This sounds a lot like the outsourcing we are doing. management decided to save money by firing all the programming staff and outsourcing. Two guys were kept as senior design engineers and they would produce the documents required be the offshore body shop. Well, experience soon showed that the only way to get acceptable results was to do a detailed design to give to them. By this I mean, specify all the classes and modules and exactly how they work. If you have ever done this, you know it takes more time than writing the code from scratch. So what we do now is write the code ourselves from scratch, then reverse engineer the detailed design documents from the code, then send it to the offshore shop. They work on it for a few months and return their code, which is always screwed up and fails QA. As w e get reports back from QA, we remove the offshore code and replace it with the code we wrote to produce the detailed design. Oh, did I mention we had to hire two more 'senior design engineers' to keep up with all this high level design work? The good news is that we are making higher salaries than before. The bad news is that the project takes twice as long and costs more than three times as much as it would have to do it with the team we used to have. No matter - management is thrilled with the 'significant cost savings due to outsourcing' - at least that's what they tell the shareholders when justifying their big bonuses.

Toby Brodderick
Monday, March 15, 2004

"So what we do now is write the code ourselves from scratch, then reverse engineer the detailed design documents from the code, then send it to the offshore shop. They work on it for a few months and return their code, which is always screwed up and fails QA. As w e get reports back from QA, we remove the offshore code and replace it with the code we wrote to produce the detailed design."

you are either genuinely stupid, or lying through your teeth about this :)
Id love to know which it is.

FullNameRequired
Monday, March 15, 2004

No lie! And we're not stupid either - we've kept our jobs while it's an outsourcing bloodbath for others. Why do you think that is a stupid thing to do?

Toby Brodderick
Monday, March 15, 2004

"Why do you think that is a stupid thing to do?"

umm...mostly I think its a stupid thing to lie about.

if _2_ of you can write the entire thing then what were all the programmers doing before they were fired?  seems to be that if what you are saying is correct then management _should_ have fired them and just hungon to you and your mate who can produce the same amount of code in less time with far fewer bugs.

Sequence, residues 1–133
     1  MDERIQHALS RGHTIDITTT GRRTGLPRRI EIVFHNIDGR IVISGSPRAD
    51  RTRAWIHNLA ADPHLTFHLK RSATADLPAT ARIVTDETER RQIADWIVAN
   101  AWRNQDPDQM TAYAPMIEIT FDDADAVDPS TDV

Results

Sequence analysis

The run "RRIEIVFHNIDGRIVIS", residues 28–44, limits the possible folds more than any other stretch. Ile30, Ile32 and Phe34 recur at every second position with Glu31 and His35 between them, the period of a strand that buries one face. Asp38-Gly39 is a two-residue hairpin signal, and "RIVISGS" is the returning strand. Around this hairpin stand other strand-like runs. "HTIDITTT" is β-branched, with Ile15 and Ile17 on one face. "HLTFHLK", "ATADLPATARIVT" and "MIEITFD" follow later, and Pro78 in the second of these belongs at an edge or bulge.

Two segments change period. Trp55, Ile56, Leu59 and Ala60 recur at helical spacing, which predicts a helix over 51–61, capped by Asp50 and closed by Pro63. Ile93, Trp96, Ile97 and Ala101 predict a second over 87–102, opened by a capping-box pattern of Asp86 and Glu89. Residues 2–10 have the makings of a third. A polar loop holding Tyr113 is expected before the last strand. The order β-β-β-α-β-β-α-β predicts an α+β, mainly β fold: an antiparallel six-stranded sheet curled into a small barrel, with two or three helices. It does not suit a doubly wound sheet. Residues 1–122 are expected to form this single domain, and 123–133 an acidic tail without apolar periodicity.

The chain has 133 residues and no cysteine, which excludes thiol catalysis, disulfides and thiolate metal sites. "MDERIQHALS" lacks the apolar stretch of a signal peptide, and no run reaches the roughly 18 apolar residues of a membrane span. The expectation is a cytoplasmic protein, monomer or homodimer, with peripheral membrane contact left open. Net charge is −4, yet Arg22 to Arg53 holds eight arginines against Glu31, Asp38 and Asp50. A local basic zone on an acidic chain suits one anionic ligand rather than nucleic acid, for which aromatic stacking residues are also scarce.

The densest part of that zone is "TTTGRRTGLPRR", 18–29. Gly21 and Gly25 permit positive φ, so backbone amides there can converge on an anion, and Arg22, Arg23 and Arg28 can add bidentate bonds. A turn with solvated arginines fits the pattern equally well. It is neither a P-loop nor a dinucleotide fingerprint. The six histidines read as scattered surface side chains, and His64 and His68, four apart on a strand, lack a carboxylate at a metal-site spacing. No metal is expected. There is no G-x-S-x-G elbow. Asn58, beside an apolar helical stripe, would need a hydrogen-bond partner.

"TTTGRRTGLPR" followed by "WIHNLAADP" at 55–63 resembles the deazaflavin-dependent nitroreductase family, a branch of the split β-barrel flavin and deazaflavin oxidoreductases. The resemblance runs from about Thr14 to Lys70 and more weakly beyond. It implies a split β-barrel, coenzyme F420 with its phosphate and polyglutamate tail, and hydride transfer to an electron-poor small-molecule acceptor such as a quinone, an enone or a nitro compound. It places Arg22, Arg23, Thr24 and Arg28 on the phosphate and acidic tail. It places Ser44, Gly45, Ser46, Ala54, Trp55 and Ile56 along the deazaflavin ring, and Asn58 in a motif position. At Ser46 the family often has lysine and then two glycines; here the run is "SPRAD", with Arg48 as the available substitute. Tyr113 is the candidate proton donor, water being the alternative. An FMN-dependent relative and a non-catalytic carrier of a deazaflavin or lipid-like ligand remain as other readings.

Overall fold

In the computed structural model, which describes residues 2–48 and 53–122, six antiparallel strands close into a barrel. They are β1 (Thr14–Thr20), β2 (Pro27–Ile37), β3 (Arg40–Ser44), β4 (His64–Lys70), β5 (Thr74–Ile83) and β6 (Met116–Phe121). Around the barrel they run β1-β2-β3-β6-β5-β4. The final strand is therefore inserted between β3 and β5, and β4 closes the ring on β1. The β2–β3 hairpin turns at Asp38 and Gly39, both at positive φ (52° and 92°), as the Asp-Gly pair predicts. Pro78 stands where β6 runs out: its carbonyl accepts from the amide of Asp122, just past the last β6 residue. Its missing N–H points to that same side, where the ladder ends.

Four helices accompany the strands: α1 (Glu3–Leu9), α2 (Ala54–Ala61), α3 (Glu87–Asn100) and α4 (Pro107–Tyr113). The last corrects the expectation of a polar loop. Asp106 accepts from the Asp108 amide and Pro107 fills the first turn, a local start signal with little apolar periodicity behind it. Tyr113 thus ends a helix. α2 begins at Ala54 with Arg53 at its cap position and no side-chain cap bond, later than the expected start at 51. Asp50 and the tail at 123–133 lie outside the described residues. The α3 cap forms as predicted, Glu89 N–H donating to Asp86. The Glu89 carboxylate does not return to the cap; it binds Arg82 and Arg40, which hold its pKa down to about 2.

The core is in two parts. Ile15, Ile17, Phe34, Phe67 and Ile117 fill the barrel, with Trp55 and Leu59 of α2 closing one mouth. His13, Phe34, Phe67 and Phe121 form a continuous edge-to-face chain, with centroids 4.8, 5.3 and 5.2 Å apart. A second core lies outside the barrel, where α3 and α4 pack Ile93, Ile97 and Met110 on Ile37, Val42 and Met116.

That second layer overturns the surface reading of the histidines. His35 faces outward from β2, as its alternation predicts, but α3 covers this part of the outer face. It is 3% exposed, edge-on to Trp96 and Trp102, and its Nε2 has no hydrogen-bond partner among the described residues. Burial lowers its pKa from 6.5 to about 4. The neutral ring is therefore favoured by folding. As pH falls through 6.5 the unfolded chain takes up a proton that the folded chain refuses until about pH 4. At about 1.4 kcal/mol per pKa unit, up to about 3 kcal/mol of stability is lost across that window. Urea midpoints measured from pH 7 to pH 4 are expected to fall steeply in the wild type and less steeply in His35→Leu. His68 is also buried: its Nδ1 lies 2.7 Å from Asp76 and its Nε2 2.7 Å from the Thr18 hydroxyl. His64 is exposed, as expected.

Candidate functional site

what was everyone else doing?

There is _no_ way what you have said is true, it defies every reasonable assumption.

OTOH...if it _is_ true then you are writing the application first, then allowing your company to waste a shitload of money getting someone else to rewrite it, then using your code anyway.
Does something about that sound _smart_ to you?
why not just write it, tell your boss "actually we dont need to outsource this bit, we have some working code here" and accept the plaudits (which wil be richly deserved because you will have written more code than the original programming department by yourselves).


You are either a liar, or stupid...OTOH if you were that stupid you wouldn't be able to write all that code, so this leaves only one possible explanation for me.
(sorry)

FullNameRequired
Monday, March 15, 2004

FullName, you clearly do not understand software development. I think that's been said before.

Mr Broderick's comments make complete sense to me. That's exactly the way dumb managements work, and it's also what a lot of the Indian firms are about.

The big Indian outsourcers are characterised by large numbers of developers with just a year or two of experience. They are also characterised by strict hierarchical divisions of labour, and the poor developers get told to shut up and do what the Western customer wants.


Monday, March 15, 2004

"FullName, you clearly do not understand software development."

clearly not :) 

"Mr Broderick's comments make complete sense to me."